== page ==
How will imaging within DonorNet look to an end user?

We partnered with a medical imaging management vendor that had all of the tools necessary to store, view and share imaging studies during the organ allocation process. The vendor provides expertise at handling the files, so we didn’t re-invent the wheel there and instead focused on securely and seamlessly integrating UNet Image Sharing into DonorNet.

Users can access image studies just like other attachments within the application, except that imaging study displays in an image viewing tool that allows users in to interact with it. The image viewing tool has features that allow users to zoom, change image contrast, play the image study like a video and take measurements. It seamlessly and securely integrates functionality from the medical imaging management vendor into DonorNet, resulting in an experience in which the user never has to leave DonorNet to securely upload, view and share imaging studies from within the donor record.

We have been working for the past couple of years on making the interface extremely easy to navigate, so that users can easily upload, view and share imaging studies within DonorNet without getting lost in the process.

Why did UNOS decide to make imaging study sharing available within DonorNet?

We wanted to provide members with a consistent, secure, seamless and reliable platform from which to access imaging studies during the organ allocation process. We also wanted to build a platform that we could expand on in the future.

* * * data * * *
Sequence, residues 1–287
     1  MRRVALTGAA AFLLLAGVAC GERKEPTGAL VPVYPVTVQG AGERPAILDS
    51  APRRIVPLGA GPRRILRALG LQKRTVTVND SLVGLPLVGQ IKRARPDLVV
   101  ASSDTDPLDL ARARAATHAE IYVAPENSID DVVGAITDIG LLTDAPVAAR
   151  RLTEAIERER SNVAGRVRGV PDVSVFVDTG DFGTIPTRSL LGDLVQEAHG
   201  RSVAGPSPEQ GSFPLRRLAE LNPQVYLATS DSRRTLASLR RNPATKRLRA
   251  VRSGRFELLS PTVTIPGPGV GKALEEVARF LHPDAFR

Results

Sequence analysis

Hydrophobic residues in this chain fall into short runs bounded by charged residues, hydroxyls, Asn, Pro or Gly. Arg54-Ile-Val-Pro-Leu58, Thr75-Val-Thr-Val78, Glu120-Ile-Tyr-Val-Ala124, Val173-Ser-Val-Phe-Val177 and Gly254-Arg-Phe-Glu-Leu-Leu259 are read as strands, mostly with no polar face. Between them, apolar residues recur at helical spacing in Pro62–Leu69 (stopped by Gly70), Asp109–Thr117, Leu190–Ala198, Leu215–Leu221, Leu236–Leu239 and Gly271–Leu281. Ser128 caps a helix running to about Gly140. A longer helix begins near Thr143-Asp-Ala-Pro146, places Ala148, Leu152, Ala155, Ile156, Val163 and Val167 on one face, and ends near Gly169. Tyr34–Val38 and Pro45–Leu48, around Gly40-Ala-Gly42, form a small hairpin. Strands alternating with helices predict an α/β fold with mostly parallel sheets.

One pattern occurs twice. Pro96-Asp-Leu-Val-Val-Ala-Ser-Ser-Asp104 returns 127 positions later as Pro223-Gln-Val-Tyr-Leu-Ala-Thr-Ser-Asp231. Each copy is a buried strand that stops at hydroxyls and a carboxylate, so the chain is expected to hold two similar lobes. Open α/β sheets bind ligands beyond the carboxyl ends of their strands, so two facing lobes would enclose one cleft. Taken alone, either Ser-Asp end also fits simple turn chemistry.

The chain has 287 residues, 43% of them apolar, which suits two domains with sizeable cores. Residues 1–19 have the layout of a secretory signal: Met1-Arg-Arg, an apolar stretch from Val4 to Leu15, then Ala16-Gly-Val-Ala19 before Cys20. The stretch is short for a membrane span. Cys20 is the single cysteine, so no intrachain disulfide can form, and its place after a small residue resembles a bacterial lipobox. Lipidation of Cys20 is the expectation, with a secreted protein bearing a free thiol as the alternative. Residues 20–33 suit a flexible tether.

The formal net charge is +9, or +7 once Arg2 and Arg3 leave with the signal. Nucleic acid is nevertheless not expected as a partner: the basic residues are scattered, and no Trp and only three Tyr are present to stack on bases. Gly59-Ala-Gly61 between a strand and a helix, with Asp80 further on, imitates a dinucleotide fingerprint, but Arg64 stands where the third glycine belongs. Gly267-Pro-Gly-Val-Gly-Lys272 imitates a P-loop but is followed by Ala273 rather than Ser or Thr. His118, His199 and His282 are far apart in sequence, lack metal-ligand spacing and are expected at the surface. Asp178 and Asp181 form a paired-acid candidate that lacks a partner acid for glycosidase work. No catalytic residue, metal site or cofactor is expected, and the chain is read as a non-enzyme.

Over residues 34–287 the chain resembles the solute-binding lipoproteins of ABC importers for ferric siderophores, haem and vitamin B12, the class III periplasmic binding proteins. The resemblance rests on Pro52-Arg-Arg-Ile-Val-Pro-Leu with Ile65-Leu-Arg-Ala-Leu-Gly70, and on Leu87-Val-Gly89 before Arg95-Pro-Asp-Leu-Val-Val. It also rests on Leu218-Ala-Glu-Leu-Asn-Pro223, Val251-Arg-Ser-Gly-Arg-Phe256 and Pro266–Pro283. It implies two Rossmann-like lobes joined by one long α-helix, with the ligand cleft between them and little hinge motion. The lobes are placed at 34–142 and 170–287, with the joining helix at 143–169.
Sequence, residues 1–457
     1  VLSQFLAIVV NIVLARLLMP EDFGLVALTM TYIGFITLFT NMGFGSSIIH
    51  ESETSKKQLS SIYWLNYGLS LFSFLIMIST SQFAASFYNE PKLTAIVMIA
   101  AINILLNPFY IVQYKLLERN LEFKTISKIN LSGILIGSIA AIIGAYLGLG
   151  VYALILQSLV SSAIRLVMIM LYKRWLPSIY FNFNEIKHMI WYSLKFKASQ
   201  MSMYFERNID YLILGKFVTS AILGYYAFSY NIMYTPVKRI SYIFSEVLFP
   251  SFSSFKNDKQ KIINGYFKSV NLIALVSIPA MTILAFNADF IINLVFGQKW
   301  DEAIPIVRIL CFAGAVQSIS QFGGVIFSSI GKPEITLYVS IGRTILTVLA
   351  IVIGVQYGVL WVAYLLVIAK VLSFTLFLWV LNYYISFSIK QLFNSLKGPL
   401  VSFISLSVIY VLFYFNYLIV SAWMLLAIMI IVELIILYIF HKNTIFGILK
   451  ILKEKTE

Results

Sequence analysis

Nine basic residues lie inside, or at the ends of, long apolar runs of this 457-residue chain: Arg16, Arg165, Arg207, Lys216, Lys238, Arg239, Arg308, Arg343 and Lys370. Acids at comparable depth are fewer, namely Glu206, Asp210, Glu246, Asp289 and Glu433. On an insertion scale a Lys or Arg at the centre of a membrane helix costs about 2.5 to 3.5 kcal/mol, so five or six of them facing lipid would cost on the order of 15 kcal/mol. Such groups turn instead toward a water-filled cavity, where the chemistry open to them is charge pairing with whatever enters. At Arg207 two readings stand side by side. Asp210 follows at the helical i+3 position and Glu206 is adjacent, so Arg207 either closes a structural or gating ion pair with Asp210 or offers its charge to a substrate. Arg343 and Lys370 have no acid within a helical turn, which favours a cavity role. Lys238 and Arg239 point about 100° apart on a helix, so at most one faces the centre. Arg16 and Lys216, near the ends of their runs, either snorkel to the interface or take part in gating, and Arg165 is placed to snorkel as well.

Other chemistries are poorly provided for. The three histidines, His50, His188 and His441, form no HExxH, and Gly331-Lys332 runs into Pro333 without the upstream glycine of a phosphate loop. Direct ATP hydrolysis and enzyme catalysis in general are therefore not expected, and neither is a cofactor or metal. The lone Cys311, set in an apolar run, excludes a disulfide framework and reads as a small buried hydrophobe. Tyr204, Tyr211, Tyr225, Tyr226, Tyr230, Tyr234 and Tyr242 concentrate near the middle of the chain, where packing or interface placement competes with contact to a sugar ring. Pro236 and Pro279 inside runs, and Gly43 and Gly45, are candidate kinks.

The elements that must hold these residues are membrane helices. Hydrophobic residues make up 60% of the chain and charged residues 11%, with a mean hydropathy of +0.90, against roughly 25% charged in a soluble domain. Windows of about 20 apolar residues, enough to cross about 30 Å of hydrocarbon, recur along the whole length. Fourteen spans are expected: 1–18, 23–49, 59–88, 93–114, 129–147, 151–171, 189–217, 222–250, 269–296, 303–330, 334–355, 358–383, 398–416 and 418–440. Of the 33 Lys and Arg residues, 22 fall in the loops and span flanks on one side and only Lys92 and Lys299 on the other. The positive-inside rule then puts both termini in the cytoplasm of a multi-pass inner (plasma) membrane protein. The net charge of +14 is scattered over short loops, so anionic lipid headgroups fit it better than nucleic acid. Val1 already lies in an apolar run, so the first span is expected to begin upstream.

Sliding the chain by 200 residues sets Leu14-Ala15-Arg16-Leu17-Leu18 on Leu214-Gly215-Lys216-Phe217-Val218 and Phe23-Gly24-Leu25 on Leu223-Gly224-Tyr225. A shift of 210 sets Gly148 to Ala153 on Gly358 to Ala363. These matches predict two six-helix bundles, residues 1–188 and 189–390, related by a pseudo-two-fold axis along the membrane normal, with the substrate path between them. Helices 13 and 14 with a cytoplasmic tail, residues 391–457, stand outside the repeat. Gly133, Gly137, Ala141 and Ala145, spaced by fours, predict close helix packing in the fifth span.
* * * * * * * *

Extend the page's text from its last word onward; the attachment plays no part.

We plan to continuously improve UNet Image Sharing by offering things like mobile access and improved imaging study interpretation services from within the application. We also plan to eventually enable donor hospital users to send imaging studies directly to DonorNet from the diagnostic imaging machine that it is captured on and to add access to biopsy images through the platform.

Can you explain how the application was developed as a part of UNOS Labs?

UNOS LabsSM is a virtual research environment through which UNOS staff members and partner organizations explore innovations that could benefit the donation and transplantation community.

We conducted the imaging study sharing pilot and development work as a UNOS Labs innovation effort. The work we conducted during the pilot served to prove that we could integrate an imaging platform into UNet. It also provided evidence that universal imaging study sharing functionality within UNet would be widely used and valued in the organ donation and transplantation community.

Through the work within UNOS Labs, we were able to make UNet Image Sharing available to authorized UNet users without increasing the Organ Procurement and Transplantation Network registration fee.

When will imaging study sharing within DonorNet be available to OPOs?

In April we will start rolling the functionality out to OPOs that do not already use it as part of the pilot program. We will release it in batches of approximately 10 OPOs per quarter after that.

We decided to take the phased rollout approach because we’ll be conducting training for the OPOs, as well as offering a training environment where users will be able to test drive the new functionality without affecting active donor records. This approach will help ensure that the transplant hospitals that the OPOs will likely be sharing the imaging studies with all know about the new way of accessing the imaging studies through DonorNet.

The phased approach will also help us manage the potential impact to our support personnel as new users engage with the application.

Interested in getting involved with future application developments at UNOS? Contact UNOS Customer Service at 800-978-4334 or email UNetHelpDesk@unos.org to learn more about how to get involved.